Rosen told Israel Television that it is more important how Pope Benedict has behaved as an adult. "And in all matters of anti-Semitism, Ratzinger, now Pope Benedict, has been absolutely resolute in his understanding of the evil and the danger and in condemnation of this phenomenon," he said.

The pope has had an up-and-down relationship with the Jewish community. He is said to share the late pope's affinity for Jews, and is a member of the Vatican's Commission for Religious Relations With the Jews. The German-born pope has participated in Catholic-Jewish dialogue, and has strongly condemned anti-Semitism. He has called for dialogue with the Jewish community, and said that discussions must start with a prayer for "greater esteem and love toward this people, the Israelites." He also said Catholics must acknowledge the "gift that they (Jews) have made to us," meaning Jesus.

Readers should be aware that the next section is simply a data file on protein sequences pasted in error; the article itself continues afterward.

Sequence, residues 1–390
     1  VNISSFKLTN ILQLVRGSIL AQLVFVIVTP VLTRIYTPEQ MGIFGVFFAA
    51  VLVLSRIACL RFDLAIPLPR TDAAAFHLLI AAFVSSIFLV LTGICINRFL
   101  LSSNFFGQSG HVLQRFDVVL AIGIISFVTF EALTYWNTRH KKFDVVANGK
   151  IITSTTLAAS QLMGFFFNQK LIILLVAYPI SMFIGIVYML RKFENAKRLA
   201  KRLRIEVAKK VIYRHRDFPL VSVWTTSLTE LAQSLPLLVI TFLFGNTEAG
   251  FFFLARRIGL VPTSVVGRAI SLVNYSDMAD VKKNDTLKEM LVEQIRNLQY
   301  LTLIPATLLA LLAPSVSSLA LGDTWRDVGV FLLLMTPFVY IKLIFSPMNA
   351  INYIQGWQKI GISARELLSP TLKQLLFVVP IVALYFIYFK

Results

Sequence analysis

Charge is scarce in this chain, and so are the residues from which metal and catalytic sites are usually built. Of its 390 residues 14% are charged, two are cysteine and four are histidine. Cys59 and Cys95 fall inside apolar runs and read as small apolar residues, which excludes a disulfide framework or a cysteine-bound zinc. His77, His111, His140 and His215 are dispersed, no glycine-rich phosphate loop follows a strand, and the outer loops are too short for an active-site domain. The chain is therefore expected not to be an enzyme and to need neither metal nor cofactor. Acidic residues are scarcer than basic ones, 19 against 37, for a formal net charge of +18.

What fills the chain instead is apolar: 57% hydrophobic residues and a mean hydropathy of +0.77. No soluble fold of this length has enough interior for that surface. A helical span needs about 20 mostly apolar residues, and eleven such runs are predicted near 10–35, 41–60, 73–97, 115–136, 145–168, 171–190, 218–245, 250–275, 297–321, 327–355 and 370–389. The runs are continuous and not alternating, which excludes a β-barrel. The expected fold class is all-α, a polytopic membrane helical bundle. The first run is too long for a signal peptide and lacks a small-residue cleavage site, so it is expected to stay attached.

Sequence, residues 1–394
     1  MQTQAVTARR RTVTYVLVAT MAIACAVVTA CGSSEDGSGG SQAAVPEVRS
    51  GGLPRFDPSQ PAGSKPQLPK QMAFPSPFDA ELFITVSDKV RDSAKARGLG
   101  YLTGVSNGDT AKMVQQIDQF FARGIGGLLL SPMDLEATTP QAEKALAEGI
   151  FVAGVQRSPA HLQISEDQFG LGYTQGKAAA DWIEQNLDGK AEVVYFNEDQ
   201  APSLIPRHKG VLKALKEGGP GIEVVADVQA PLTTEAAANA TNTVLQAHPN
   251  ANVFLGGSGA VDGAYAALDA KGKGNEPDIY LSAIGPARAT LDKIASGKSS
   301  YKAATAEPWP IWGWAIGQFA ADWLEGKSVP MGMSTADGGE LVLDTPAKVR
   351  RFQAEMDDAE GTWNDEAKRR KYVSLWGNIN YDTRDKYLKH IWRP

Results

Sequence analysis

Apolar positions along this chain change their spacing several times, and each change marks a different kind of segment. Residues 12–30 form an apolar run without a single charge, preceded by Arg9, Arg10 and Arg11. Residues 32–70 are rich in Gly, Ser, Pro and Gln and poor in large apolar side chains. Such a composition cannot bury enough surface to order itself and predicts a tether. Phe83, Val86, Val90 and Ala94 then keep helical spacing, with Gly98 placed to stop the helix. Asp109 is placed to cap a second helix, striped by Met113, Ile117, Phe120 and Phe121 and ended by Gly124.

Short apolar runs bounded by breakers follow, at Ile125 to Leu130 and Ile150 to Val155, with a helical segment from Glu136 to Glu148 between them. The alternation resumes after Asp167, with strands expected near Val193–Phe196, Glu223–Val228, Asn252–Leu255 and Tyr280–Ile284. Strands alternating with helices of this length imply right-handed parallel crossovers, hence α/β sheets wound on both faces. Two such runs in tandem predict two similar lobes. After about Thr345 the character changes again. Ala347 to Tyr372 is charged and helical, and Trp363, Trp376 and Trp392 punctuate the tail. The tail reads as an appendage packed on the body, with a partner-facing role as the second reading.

However, Ratzinger's relations with the Jewish community have not always been smooth. He was criticized for a 2000 treatise entitled "Declaration Dominus Iesus," which said non-Catholic religions are "gravely deficient." Some Jewish leaders said the statement pushed Pope John Paul II to beatify Pius IX, the 19th century pope who severely restricted the civil and religious rights of Jews. The new pope's writings on Jews show belief that Jews will embrace Jesus - but the time and place will be up to God, not man.

Israel Begins Pullout from Gaza

By Robert Berger (VOA-Jerusalem)

Israel has begun moving military equipment out of the Gaza Strip in preparation for its summer pullout. And the Palestinians are urging Israel to coordinate the withdrawal with them. IDF troops removed about 30 shipping containers from an army base in the Gaza Strip, the first visible step toward implementation of the planned pullout this summer.

The containers, packed with furniture, computers, weapons, and uniforms, were loaded on to trucks, which drove out of the base and headed to Israel. For the 8000 Gaza settlers slated for evacuation this summer, it is a bad sign. "This is only the beginning of the expulsion of the Jewish people from Jewish land," said Rachel Sapperstein, who lives in Gaza's Gush Katif settlement bloc.